Century Club Pin
At the December 5, 2009, Quarterly Communication, then R.W. Grand Master Stephen Gardner announced the creation of the Century Club award for Pennsylvania Lodge members who have conferred a minimum of 100 Lodge degrees.
This award can be obtained by completing the application. The Lodge Secretary should complete and forward the application to his District Deputy Grand Master for approval who will then forward it to the Grand Lodge.
The Grand Lodge of Pennsylvania recognizes Master Masons who have given significant Masonic service. Special pins are awarded at 25, 50 and 75 years, and certificates for 60 and 70-year milestones. The 75-year award is known as the Diamond Jubilee Award.
Twenty-five year pins are awarded by the Lodge Secretary any time during the year in which a member celebrates this significant anniversary of membership. The Worshipful Master MAY use the 25-Year Pin Presentation ceremony, posted below, at his discretion.
By resolution of the Grand Lodge adopted at the Quarterly Communication, held June 5, 1940, a member of a Lodge in this Jurisdiction who has been a Master Mason in good standing for 50 years, or more, is eligible to receive a Grand Lodge 50-Year Masonic Service Emblem. By decision of the R.W. Grand Master, January 10, 2007, additional service award levels of 60, 70 and 75-years may also be awarded. The 75-year award shall be known as the Diamond Jubilee Award.
Eligibility for service emblems is determined by the length of time a member has been a continuously active member of one or more lodges recognized by the Grand Lodge of Pennsylvania. Any time during which a member was not an active member as a result of resigning from all lodges is not counted toward service emblem eligibility. Any period longer than one year during which a member was suspended is not counted toward service emblem eligibility
Requests for Emblems
If a member feels he is eligible for one of these awards, he may request it through his lodge secretary, although the records are usually reviewed automatically at the beginning of each year. When a member becomes eligible for a Masonic Service Emblem, the lodge secretary will request these items from the Grand Secretary’s office, in writing, at least 30 days in advance of the anticipated presentation date.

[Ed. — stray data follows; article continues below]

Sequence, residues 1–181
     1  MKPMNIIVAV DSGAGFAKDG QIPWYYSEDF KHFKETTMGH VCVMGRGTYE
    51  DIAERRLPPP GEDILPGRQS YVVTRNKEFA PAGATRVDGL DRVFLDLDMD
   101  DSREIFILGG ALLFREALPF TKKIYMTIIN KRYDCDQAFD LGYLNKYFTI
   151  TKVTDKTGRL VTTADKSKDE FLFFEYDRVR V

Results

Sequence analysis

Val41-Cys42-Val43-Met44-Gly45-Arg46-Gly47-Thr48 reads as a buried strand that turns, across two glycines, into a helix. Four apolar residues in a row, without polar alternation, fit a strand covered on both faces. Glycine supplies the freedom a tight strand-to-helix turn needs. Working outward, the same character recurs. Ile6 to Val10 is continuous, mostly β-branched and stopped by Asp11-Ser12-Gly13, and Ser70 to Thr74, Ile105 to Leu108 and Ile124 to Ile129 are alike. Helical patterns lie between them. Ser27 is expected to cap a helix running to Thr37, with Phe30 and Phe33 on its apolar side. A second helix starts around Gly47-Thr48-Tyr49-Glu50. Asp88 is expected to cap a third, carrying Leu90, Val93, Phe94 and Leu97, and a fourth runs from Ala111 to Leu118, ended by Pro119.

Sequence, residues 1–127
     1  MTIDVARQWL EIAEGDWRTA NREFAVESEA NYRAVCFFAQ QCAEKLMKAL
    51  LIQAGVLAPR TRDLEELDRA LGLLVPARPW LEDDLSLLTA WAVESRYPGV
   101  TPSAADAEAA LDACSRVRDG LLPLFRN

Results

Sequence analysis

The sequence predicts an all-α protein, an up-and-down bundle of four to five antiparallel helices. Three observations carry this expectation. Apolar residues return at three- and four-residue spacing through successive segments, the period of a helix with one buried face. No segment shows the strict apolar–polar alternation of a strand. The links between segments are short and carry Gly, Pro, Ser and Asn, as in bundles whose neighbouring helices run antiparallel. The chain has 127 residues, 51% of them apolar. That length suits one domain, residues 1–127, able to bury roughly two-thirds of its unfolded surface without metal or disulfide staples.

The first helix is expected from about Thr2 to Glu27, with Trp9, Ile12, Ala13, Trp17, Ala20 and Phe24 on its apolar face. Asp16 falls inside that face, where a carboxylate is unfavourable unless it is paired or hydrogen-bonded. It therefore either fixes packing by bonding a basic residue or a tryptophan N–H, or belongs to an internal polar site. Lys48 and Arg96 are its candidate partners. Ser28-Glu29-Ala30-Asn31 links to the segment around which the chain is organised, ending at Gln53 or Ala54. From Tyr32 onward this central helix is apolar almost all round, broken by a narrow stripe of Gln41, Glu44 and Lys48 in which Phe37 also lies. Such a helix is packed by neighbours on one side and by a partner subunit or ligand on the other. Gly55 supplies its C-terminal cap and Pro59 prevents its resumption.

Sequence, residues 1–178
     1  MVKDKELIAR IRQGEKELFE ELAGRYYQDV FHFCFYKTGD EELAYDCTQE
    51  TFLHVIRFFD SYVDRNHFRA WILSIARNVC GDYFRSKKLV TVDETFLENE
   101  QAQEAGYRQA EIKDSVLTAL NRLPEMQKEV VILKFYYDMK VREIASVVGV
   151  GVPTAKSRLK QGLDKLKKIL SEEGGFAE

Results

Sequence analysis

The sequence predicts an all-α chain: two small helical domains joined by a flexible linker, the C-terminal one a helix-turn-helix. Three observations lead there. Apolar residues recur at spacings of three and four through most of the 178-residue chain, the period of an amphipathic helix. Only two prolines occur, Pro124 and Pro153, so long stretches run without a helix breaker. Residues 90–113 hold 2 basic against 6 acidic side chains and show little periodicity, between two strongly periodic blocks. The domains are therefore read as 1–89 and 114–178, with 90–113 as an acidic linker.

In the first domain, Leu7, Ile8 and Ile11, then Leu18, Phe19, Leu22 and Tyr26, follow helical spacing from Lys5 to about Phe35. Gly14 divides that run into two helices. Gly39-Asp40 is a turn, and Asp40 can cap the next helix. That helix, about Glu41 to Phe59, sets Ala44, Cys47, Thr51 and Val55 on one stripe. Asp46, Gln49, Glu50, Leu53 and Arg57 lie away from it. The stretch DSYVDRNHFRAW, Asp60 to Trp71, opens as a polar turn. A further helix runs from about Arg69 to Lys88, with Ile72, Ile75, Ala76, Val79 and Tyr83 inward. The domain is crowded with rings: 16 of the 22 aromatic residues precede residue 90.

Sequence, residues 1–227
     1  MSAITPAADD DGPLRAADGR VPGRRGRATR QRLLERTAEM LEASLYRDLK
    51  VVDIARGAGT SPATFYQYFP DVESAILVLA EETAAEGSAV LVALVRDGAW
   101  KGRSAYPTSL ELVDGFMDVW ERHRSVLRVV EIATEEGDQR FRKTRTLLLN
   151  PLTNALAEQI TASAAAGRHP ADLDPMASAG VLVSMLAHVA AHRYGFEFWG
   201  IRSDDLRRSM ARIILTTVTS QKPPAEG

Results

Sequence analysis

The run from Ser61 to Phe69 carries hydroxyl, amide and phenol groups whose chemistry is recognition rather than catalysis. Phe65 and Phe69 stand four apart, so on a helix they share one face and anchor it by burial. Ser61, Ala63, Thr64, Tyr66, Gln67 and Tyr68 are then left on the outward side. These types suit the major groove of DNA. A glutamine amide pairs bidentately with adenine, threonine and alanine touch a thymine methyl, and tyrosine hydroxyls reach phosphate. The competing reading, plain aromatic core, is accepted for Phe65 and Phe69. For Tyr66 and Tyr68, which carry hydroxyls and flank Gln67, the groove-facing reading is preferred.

A special ceremony has been created for the presentation of 25-Year Pin Presentations, 50-Year Emblems and for the Diamond Jubilee Award. These ceremonies will be conducted by the R.W. Grand Master, by the District Deputy Grand Master in his absence or by a designated brother, on behalf of the Grand Master.
On December 27, 2007, R.W Grand Master Ronald A. Aungst, Sr. introduced and approved the usage of the Lewis Jewel for Pennsylvania Masons.
The word “Lewis” denotes strength and is depicted by certain pieces of metal dovetailed into a stone, which forms a cramp, and enables the operative Mason to raise great weights to certain heights with little encumbrance, and to fix them in their proper bases. Lewis, likewise, denotes the son of a Mason; his duty is to bear the heat and burden of the day, from which his parents, by reason of their age, ought to be exempt; to help them in time of need, and thereby render the close of their days happy and comfortable; and his privilege for so doing is to be made a Mason before any other person however dignified.
In the days of operative Masonry, it was a great source of pride when a son followed in his father’s footsteps and was Entered as an Apprentice, his name “entered” on the roll, and thereby admitted to the Lodge. To study his father’s skills and learn to use his father’s tools were manifest expressions of the greatest honor and esteem a son could play. It was common to carry on the tradition through several generations in the same family.
The Lewis Jewel may be worn by a Mason, if, at the time of his Initiation, his father was a Mason in good standing. The initiate of a deceased father – in good standing at the time of his death – would also qualify. The jewel is suspended from two chains with two bars. The upper bar contains the name of the father and the date of his initiation. The lower bar contains the name of the son and date of his initiation. The Jewel comes in a wallet with a pocket holder.
The Lewis Jewel has been in use in England and other Jurisdictions under the United Grand Lodge of England for many decades to honor a new Mason’s father. The jewel has also been adopted in the Jurisdictions of Vermont, Texas, Massachusetts, Virginia, Connecticut and perhaps others in the United States and is offered throughout Canada.